In January 2016, we selected a rum from Plantation’s Old Reserve Collection, in which each rum hails from a different Caribbean Island. We “traveled” to the island of Barbados, where the sugar cane produced a rum layered with hints of tropical fruit. This month we decided to explore Trinidad, often known as the southernmost island in the Caribbean although it lies on the continental shelf of South America, seven miles north of Venezuela. Does the hot and humid climate with the defined rainy and dry seasons produce a better rum? It’s Barbados vs. Trinidad.
Distillation and Aging
Plantation Trinidad 2001 is distilled using a column still and a short fermentation period at the Angostura Distillery, known for their fine rums and bitters. The rum is aged in bourbon casks for a minimum of nine year before being sent to France where it is finished in Cognac casks.
Plantation Barbados was aged in bourbon and sherry casks providing an extra layer to the rum, and aged for seven years instead of nine. Let’s see what difference the climate, casks and time aged makes on this artisan rum.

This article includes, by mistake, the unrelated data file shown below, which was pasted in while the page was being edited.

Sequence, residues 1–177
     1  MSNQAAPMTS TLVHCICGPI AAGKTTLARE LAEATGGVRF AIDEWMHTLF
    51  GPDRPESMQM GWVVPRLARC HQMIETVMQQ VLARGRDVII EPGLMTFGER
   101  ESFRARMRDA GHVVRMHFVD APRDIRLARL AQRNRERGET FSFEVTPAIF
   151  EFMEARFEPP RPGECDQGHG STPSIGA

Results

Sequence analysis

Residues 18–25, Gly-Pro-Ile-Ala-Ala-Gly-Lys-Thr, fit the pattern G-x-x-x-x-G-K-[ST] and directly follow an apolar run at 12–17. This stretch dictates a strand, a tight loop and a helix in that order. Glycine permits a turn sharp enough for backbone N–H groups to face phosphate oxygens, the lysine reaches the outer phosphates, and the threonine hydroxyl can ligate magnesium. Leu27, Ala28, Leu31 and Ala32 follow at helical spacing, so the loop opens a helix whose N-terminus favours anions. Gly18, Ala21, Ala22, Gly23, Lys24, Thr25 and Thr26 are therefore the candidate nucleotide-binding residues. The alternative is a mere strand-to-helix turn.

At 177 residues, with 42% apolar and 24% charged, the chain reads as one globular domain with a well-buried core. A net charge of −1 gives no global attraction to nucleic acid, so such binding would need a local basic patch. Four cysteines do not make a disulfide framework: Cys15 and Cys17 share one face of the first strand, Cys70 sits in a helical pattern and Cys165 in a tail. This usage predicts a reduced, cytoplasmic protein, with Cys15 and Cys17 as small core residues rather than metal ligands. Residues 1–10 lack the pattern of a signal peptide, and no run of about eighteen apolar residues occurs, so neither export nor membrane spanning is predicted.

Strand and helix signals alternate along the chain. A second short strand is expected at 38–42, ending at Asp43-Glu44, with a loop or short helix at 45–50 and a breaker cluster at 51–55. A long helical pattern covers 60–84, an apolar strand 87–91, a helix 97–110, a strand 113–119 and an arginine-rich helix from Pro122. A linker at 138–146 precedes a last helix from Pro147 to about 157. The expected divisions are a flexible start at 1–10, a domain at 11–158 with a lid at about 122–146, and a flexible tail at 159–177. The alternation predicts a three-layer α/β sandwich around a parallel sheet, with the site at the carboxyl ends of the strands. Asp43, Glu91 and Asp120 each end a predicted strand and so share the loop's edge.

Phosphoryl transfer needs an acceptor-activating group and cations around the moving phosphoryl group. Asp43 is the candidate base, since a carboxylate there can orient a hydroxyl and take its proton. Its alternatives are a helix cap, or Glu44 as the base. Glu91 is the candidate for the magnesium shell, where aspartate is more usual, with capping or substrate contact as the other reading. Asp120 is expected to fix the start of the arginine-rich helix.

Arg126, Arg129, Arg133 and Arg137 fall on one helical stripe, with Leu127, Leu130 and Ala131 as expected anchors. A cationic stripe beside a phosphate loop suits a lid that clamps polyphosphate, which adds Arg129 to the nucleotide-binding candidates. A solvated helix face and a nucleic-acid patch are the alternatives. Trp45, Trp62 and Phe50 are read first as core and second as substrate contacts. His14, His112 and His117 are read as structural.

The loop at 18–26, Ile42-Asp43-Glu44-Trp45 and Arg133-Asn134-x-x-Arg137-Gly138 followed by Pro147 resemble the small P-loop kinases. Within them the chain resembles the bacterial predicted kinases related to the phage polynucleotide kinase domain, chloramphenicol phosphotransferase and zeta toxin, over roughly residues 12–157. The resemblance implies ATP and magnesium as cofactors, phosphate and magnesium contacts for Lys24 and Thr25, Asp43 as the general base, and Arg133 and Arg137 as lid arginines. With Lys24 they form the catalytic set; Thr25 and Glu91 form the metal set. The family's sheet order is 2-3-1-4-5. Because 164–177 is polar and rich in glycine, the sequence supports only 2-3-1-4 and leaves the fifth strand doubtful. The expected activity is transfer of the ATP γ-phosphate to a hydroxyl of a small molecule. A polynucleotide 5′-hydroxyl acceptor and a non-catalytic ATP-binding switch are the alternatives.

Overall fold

Tasting Notes: He Said
The nose is not powerful, but well balanced with some charred wood, a little vanilla, citrus and aniseed. It is very smooth on the palate, opening up the different notes from the nose. The charred oak is more prominent with vanilla, berry and some floral. There is also a slight coffee note as the rum begins to move from palate to throat. This is a full-bodied rum with a nice oak finish which, for me, lingers most. I like the complexity of wood, sweet and spice from start to finish.
Tasting Notes: She Said
I love the golden color with inviting lacing on the glass. The orange and honey notes hit me even before I put the glass to my nose. There’s nothing on the nose which leads me to believe there is any spice or heat on the palate. BAMM!!! There’s a burst of cinnamon as soon as it hits my palate. The sweet notes I anticipated are overpowered by the cinnamon. I tried another sip searching for the sweet note but, for me, there was none. Yet after the burst there is magically a calm to the finish. This rum lingers with me in almost a warming kind of way.
We are all over the place with this rum. Clint wanted to give a 4.5 while Terry only a 3.0, but that simply comes down to what we like in a rum. Trinidad is definitely spicier, smokier and woodier than the Barbados. Does that make it better than the fruitier, less complex Barbados?
Clint thinks so yet Terry is on the fence. We’ll give the edge to Trinidad since Clint did find some complexity.